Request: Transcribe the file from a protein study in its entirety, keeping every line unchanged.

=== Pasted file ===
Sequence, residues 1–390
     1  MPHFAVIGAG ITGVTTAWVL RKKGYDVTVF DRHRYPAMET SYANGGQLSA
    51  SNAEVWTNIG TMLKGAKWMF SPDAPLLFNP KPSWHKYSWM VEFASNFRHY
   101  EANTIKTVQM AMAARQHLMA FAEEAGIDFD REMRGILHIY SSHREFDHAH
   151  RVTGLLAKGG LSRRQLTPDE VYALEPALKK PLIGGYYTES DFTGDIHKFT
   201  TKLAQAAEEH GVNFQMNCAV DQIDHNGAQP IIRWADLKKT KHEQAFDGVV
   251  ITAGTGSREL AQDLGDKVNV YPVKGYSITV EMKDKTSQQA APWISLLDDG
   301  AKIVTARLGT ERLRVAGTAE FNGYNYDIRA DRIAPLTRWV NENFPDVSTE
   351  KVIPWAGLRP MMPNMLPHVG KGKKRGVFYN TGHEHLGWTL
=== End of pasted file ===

Sequence, residues 1–390
     1  MPHFAVIGAG ITGVTTAWVL RKKGYDVTVF DRHRYPAMET SYANGGQLSA
    51  SNAEVWTNIG TMLKGAKWMF SPDAPLLFNP KPSWHKYSWM VEFASNFRHY
   101  EANTIKTVQM AMAARQHLMA FAEEAGIDFD REMRGILHIY SSHREFDHAH
   151  RVTGLLAKGG LSRRQLTPDE VYALEPALKK PLIGGYYTES DFTGDIHKFT
   201  TKLAQAAEEH GVNFQMNCAV DQIDHNGAQP IIRWADLKKT KHEQAFDGVV
   251  ITAGTGSREL AQDLGDKVNV YPVKGYSITV EMKDKTSQQA APWISLLDDG
   301  AKIVTARLGT ERLRVAGTAE FNGYNYDIRA DRIAPLTRWV NENFPDVSTE
   351  KVIPWAGLRP MMPNMLPHVG KGKKRGVFYN TGHEHLGWTL